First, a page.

This report of the Surgeon General, Preventing Tobacco Use Among Young People, delineates the problem in no uncertain terms. The direct effects of tobacco use on the health of young people have been greatly underestimated. The long-term effects are, of course, well established. The addictive nature of tobacco use is also well known, but it is perhaps less appreciated that early addiction is the chief mechanism for renewing the pool of smokers. Most people who are going to smoke are hooked by the time they are 20 years old.
Young people face enormous pressures to smoke. The tobacco industry devotes an annual budget of nearly $4 billion to advertising and promoting cigarettes. As this report so well describes, there has been a continuing shift from advertising to promotion, largely because of banning cigarette ads from broadcast media. The effect of the ban is dubious, however, since the use of promotional materials, the sponsoring of sports events, and the use of logos in nontraditional venues may actually be more effective in reaching target audiences. Clearly, young people are being indoctrinated with tobacco promotion at a susceptible time in their lives.
A misguided debate has arisen about whether tobacco promotion "causes" young people to smoke—misguided because single-source causation is probably too simple an explanation for any social phenomenon. The more important issue is what effect tobacco promotion might have. Current research suggests that pervasive tobacco promotion has two major effects: it creates the perception that more people smoke than actually do, and it provides a conduit between actual self-image and ideal self-image--in other words, smoking is made to look cool. Whether causal or not, these effects foster the uptake of smoking, initiating for many a dismal and relentless chain of events.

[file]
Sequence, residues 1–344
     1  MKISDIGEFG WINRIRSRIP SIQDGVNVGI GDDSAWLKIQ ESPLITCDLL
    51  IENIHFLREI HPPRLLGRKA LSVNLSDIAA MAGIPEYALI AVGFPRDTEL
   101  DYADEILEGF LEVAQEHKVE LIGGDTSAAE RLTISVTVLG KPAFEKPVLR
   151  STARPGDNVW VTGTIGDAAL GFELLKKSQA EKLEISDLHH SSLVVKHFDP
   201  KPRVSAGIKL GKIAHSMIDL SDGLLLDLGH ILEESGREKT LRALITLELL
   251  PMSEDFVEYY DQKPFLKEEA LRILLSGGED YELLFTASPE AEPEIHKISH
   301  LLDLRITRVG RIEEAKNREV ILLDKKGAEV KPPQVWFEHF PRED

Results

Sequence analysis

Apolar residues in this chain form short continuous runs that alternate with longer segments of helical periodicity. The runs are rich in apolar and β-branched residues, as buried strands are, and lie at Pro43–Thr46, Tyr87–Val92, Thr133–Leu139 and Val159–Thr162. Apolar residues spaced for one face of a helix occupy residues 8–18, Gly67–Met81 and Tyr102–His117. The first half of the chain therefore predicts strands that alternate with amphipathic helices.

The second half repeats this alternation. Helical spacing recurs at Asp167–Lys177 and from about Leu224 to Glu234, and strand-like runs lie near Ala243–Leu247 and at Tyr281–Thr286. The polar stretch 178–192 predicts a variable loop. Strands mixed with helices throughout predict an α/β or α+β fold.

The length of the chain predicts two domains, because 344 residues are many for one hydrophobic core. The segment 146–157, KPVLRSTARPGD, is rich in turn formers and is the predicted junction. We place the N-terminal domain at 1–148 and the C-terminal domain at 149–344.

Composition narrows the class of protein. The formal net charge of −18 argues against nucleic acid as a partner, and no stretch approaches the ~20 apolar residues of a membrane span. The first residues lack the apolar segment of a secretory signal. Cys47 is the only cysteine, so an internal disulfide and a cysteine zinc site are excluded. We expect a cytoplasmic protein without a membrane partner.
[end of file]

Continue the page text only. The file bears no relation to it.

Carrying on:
On the brighter side, a large portion of this report is devoted to countervailing influences. We have the justification: there is a substantial scientific basis for primary prevention of cigarette smoking and smokeless tobacco use. A number of successful prevention programs, based on the psychological and behavioral factors that create susceptibility to smoking, are available. We have the means: the report defines a coordinated, effective, nonsmoking public health program for young people. And we have the will: schools, communities, legislatures, and public opinion all testify to the growing support for encouraging young people to avoid tobacco use.
The task is by no means easy. This report underscores the commitment all of us must have to the health of young people in the United States. Substantial work will be required to translate the justification, the means, and the will into a world in which young people no longer want to smoke. I, for one, relish the task.
M. Joycelyn Elders, M.D.
Disclaimer: Data and findings provided on this page reflect the content of this particular Surgeon General's Report. More recent information may exist elsewhere on the Smoking & Tobacco Use Web site (for example, in fact sheets, frequently asked questions, or other materials that are reviewed on a regular basis and updated accordingly).